What you’re doing by selecting a gift this way is showing that you thought about the process and the person who the gift is for - while also revealing what it is about the recipient that either attracts you or that you admire, and you’re looking to establish, or reinforce, a strong emotional connection.
That four-piece box selected with care will get you many more props than a larger boxed assortment – even from the same store — unless, of course, you know that the recipient is a fan of a particular brand of boxed assortment chocolates from childhood. Then by all means gift one of those. What’s important is that the gift reflects your understanding of what the recipient likes and values.
Buying chocolate for someone you don’t know
This advice is mostly for selecting chocolate for someone you’d like to get to know better, and it’s basically the inverse of the advice for buying for someone else.
Approach the case and ask the person behind the counter if they have flavors that are what you like, or that you have a special connection with – maybe something from childhood. Select those and be prepared to tell stories about what the pieces mean to you: why you selected them. By sharing the stories behind the chocolate you tell the recipient a lot about yourself. Hopefully in a way that is totally endearing. This is what you want.
For example, growing up in Southern California, we would gift my mother a box of See’s Victoria English Toffee – a childhood favorite of hers from growing up in LA in the 1920s and 1930s – on Christmas Eve. If I were gifting chocolate to someone I wanted to get to know better I would definitely include a piece of toffee covered in dark chocolate and sprinkled with roasted almond pieces and tell a story about the ceremony around gifting the box, my mother unwrapping it, and then sharing the box around so everyone got a piece.
Still don’t know what to gift?
If the gift is for someone you are romantically involved with (or want to declare those intentions) - you simply cannot go wrong by selecting nicely decorated heart-shaped pieces with a filling flavored with passionfruit. Two - one for each of you. And you’ll find that a nice rosé or Prosecco is a tasty pairing.
A great technique when you’re gifting for a boss or other colleague is to go into the store and ask the person behind the case what the most popular items are - what sells best is also often the freshest. You can ask them their favorites, as well, and I sometimes ask to be pointed out a selection that they think represents the best work they do. Pick an unusual flavor - something you might never buy on your own but that is really popular. You could even buy one for yourself (packed separately) and then suggest you both eat the piece at the same time and figure out whether you like it or not.
And in closing ...
Whatever you do, make it fun. If it involves chocolate and you are not having fun, you’re doing it wrong.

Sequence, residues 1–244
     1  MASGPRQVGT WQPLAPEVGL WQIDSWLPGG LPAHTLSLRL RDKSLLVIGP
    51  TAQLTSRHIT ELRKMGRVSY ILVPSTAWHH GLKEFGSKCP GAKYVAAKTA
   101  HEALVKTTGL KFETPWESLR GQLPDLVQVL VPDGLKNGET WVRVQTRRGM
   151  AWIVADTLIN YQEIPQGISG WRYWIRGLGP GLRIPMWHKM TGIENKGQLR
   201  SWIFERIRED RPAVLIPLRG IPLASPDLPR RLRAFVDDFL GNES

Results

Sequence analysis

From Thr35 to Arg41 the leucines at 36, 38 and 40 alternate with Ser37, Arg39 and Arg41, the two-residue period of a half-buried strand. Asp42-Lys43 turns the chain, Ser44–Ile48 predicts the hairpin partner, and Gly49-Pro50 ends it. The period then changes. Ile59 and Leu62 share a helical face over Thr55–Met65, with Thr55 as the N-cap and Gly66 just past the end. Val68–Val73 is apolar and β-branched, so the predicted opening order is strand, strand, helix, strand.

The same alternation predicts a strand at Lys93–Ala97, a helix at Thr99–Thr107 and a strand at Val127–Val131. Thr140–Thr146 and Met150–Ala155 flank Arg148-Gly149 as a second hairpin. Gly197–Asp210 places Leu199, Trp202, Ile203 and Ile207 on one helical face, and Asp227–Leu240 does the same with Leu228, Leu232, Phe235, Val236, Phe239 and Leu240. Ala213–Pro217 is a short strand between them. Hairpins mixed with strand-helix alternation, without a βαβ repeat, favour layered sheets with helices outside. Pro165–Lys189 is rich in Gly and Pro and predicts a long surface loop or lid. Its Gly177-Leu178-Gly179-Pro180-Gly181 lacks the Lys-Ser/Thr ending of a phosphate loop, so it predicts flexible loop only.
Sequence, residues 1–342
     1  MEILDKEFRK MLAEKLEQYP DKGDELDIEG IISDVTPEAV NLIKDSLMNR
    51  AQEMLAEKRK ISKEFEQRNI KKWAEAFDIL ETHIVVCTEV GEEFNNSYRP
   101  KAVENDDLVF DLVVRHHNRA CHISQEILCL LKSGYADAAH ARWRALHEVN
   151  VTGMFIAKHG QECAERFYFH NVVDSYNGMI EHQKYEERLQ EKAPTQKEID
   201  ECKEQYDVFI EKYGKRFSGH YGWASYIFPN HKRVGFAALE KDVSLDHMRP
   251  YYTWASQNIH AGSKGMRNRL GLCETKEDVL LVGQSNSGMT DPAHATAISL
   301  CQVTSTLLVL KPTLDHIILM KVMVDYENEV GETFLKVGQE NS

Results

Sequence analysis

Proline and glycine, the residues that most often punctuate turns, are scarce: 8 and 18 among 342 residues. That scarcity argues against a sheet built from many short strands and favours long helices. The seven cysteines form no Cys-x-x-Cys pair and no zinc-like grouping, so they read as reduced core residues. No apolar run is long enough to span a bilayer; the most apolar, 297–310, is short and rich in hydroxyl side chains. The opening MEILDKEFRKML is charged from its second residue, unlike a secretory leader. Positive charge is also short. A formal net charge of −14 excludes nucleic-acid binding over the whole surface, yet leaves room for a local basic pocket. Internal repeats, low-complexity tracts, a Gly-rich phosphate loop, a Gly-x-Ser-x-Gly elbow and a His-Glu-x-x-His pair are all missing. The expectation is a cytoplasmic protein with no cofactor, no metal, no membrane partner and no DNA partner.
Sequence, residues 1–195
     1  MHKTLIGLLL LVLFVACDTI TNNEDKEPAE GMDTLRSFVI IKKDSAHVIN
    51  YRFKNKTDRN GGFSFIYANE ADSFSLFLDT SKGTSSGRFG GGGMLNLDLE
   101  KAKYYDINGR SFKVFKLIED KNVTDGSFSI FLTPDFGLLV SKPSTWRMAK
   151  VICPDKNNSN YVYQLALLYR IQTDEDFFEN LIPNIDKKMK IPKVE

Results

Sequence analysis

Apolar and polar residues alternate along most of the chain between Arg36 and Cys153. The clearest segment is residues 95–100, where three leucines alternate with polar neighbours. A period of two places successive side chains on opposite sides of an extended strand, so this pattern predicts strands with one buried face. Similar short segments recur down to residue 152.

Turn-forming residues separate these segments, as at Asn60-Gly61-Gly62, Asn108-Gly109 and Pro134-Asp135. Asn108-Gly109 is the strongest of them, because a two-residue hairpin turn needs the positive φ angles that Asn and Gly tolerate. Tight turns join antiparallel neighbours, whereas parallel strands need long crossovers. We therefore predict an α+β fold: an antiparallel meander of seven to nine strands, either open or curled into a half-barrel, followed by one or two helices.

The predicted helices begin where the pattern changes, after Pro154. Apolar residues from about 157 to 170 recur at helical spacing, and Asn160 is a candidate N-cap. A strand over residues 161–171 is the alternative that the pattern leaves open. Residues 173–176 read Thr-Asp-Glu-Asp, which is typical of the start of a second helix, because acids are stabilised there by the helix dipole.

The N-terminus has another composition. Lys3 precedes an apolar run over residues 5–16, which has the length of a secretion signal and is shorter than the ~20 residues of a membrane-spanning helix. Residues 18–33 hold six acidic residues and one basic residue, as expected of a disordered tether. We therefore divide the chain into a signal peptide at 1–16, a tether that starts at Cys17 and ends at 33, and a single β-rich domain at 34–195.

By Clay Gordon, 2017-01-14
There is a lot of discussion and interest on this point: what are the contributions of genetics, terroir, and post-harvest processing when it comes to the flavor of cocoa (and how chocolate gets its taste).
Let’s conduct a thought experiment to examine the complexity of looking for answers.
Imagine that you have the ability to plant grafted seedlings from the same mother tree on 1Ha of land in two very different locations - different altitudes, different soils, different rain and wind patterns, different slopes so even the pattern of the sun is different. These differences related to place are what we think of as terroir.
We would imagine - and would expect based on our experience with other crops - that the fresh cocoa beans, and maybe event the fresh pulp, would taste different. The genetics of the tree are modified by the terroir.
However, we don’t eat fresh cocoa beans as a general rule. They are fermented. In order to test the relative contributions of genetics, terroir, and post-harvest processing we need to control for all of the variables.
Going back to the above scenario with exactly the same genetics planted in two different places.
If the post-harvest practices between the two places are different - the resulting beans will taste different. And even if the post-harvest practices are substantially the same, differences in the presence and relative dominance of yeast and bacteria strains play a part in flavor development. What’s the more important contributing factor here? Genetics? Terroir (and this includes microbiology, not just factors we can see and taste and experience physically)? Fermentation? Drying?
To find out, it is necessary to be able to control fermentation and drying precisely enough to be able to understand their influences. And this means applying science, rigorously.